Democratic Palm Beach County Commissioner Jess Santamaria’s incoherent rant this week shows what little respect he has for the civil justice system and the First Amendment when a court ruling favored we, the people, over him.
During Tuesday’s commission meeting, county resident Andrew Schaller told commissioners that Florida’s Fourth District Court of Appeals had upheld a jury verdict in his favor involving a libel lawsuit Santamaria filed against him after both ran for the District 6 seat in 2010.
The litigious Santamaria then railed against the very same justice system he’s used to sue more than 70 times over the years.
In 2012, the jury in Schaller’s case found that he did not libel Santamaria when he submitted a Request for Inquiry to county and state officials asking, “Does Santamaria have a felony record?” The Request for Inquiry included a clerk of the court copy of a felony arrest record for someone with the same name as Santamaria. According to the court transcript, when asked under oath during the civil trial, “Where on this document does it show that this Jesus R. Santamaria is not you?” Santamaria replied, “It doesn’t.”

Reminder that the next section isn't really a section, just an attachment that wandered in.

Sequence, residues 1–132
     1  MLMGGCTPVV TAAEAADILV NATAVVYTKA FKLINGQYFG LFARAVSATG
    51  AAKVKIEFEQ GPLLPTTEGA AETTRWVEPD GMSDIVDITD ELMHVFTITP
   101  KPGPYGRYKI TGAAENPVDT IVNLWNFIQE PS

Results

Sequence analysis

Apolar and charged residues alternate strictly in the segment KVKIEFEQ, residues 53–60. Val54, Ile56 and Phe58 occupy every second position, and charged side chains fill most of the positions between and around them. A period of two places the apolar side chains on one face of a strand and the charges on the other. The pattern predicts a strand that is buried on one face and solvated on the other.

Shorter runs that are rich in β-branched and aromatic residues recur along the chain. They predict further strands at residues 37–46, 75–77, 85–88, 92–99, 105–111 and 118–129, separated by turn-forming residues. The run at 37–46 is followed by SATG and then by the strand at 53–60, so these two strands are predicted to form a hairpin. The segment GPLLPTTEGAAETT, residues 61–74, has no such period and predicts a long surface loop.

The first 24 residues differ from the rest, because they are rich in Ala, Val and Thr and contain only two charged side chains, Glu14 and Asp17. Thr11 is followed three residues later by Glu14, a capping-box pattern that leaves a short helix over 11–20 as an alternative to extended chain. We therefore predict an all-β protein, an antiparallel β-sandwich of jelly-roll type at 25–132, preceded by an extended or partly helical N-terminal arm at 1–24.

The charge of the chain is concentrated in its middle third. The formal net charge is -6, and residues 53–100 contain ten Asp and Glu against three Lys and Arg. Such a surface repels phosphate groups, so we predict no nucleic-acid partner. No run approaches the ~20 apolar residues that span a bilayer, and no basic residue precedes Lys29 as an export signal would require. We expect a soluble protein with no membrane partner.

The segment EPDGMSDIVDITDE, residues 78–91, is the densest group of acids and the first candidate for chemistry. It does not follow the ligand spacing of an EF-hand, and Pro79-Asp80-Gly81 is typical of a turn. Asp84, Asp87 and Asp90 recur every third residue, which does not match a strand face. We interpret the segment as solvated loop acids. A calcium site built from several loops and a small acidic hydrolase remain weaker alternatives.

“I went out and did what the state of Florida charged me to do – I vetted my opponent,” Schaller told commissioners, referring to the position of the Florida Division of Elections that places the burden of research as to “whether a candidate has a criminal record…up to an opponent, the media, and/or the electorate to determine.”
“Basically, what you accomplished was you can lie about the person and hide behind freedom of speech,” Santamaria said to Schaller. “That is the stage that campaigns have already proven, that is the level of campaigning now — you can always hide under freedom of speech.”
What Santamaria doesn’t seem to understand is that free speech does have limitations. That’s why there are defamation laws. And though Santamaria carried on about candidates lying and hiding behind freedom of speech, he also doesn’t seem to respect that a jury, a lower-court judge and, now, a three-judge appellate court have all found in Schaller’s favor.
“It’s not me that won. It’s the state of Florida and everybody who lives here,” Schaller told county commissioners. “The court upheld the right of the people to ask questions and get answers [about candidates and elected officials].”
“So, what I’d like to do is, for the record, turn in all three judgments in favor of the people,” Schaller said, adding the newest court ruling to the official commission record.
Watch the exchange from Tuesday’s meeting here:
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